1 866 752-7378

Featured Product – Heart ID tag


This exquisite metal (pewter or brass finish) and virtually indestructible ID Tag features a picture of a Heart in the middle of it. Available in small for cats and small dogs. Also available in medium and large.

Your pet will look sharp wearing one of these custom engraved unique tags.
Our price: $12.99 (Canadian)

Ask the expert – Teaching a dog to play

Question: I recently rescued a German Shepherd/lab cross from the pound. She has been there for at least a year and is around 2 years old. I’m not sure where she was before she was put in the pound. She is very well behaved and besides a few kennel related issues she’s fine. But she doesn’t seem to know how to play. I have a ton of toys here, tennis balls, bones, rope things, noisy things. She just ignores all of them. She also won’t chase balls when I throw them. How do I teach a dog who obviously missed out during puppy hood how to play?

Answer: Here is something you can try. First off remove all the toys from the dog’s environment. Pick them all up and put them away and keep them out of site. What you want to do is get the dog excited about 1 or 2 toys.

Try this exercise 2 – 3 times a day for 7 days. It should work and may well work within just a few days.

1 – Take your dog outside and tie your dog to a post, railing etc.
2 – Get a human friend and a dog toy. Use 1 toy that you can stuff food in like a Kong, an old tennis ball or any of the new pouch toys that you can stuff. Stuff it with food – something the dog loves but that won’t fall out when thrown.
3 – Toss the toy back and forth to your friend while your dog is watching. Make a big production during the toss – you want your dog to witness (and smell) the fun. Do NOT give your dog the toy, just let her watch the fun.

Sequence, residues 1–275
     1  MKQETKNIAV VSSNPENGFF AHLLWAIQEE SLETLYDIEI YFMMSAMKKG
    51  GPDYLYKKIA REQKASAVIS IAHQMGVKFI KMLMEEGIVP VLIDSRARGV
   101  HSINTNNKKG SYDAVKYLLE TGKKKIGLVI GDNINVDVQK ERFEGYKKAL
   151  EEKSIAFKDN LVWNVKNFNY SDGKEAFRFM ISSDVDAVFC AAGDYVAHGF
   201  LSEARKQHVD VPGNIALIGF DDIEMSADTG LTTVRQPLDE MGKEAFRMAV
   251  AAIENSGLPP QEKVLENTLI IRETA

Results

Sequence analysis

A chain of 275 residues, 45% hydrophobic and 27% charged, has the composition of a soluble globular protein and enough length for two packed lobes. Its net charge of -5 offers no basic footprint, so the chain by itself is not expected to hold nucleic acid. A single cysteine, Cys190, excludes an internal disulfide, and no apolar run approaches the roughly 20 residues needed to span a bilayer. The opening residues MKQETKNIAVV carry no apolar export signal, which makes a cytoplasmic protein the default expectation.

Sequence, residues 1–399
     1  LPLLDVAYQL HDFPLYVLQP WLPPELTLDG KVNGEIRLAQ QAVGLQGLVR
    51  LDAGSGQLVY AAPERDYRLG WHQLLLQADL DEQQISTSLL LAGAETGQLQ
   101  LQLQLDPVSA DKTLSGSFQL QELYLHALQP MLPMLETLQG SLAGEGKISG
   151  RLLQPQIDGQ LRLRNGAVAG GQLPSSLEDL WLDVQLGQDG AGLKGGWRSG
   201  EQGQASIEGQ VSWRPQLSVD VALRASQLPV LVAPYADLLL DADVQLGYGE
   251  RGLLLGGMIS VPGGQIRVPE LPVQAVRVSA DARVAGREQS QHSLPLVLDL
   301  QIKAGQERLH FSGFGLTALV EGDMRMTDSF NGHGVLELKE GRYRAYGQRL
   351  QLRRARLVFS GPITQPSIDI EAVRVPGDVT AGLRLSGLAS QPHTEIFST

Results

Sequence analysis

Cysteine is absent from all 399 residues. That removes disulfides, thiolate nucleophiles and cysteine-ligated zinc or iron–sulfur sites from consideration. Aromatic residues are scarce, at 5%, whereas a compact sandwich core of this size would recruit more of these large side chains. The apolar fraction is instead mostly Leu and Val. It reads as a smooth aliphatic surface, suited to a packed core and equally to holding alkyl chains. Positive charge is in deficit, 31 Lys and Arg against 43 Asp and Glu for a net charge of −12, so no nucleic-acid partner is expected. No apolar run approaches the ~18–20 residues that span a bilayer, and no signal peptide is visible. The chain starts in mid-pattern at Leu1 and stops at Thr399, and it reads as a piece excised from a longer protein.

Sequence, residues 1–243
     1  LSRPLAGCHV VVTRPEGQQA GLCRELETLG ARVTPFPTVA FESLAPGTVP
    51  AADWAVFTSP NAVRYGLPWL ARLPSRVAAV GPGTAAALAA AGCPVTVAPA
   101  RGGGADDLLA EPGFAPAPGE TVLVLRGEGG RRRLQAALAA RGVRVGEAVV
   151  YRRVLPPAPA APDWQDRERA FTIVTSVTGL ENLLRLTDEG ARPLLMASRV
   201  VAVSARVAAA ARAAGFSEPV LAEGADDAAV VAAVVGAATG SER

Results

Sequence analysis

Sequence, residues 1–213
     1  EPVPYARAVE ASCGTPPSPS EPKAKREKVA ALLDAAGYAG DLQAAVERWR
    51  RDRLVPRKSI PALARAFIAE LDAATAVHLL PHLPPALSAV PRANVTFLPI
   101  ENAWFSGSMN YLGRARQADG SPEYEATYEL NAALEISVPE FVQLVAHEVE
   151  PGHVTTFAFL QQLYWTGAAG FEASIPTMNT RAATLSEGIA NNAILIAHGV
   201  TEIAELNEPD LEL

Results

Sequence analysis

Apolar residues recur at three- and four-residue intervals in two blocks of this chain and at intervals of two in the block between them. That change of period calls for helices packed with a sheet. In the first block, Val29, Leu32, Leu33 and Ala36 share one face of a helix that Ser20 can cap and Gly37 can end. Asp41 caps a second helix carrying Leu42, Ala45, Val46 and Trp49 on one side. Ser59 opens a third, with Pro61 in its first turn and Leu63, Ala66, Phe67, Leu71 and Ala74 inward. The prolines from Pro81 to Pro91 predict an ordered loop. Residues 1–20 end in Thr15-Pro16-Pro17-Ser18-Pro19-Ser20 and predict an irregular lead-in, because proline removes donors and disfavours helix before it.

4 – After the 5-10 minutes bring everyone back inside. Take the toy and put it on the fridge or in a place where the dog can see it but not get to it. Repeat for 1 week.

On day seven BEFORE your dog has eaten and is hungry. Take out the toy and go outside with the dog and play fetch. This should solve the problem.

Very quickly the toy should become something the dog loves to play with and you probably won’t need to stuff it with food.

Remember to put the toy away after use to maintain the dog’s excitement.

Good luck! – Julie Sansregret – AHT, Dog trainer
Guides Canins
1313, rue PineRidge,
St-Lazare-de-Vaudreuil, Qué.
J7T 2M7 (450) 424-1469

Further discussion regarding this topic is available here.

In the News

Got a thing for pugs’ mugs? This gala’s for you

Visualize a procession of adorable pugs, many draped in creative costumes, marching (or running) in a parade in their honor. Or a gaggle of pugs racing toward a finish line as “Chariots of Fire” plays in the background.

Make way for ducklings

Portsmouth Avenue became a danger zone for motorists and wildlife earlier this week when a family of four ducks took up shop near the Dreher-Holloway BMW dealership . Now, local officials are trying to find out whom the ducks belong to, and whether they’re runaways or if they were abandoned.

More articles from Canada and around the world are available here.

Upcoming charitable events:

Please join us on May 31st 2004 for our first gala dinner at award winning Les Trois Soeurs Restaurant including a four course meal, silent auction and door prizes. A $25.00 tax receipt will be issued for each ticket sold. Thanks so much! Terry Price – for info.call 514-217-3647 or go to Rosie Animal Adoption www.rosieanimaladoption.org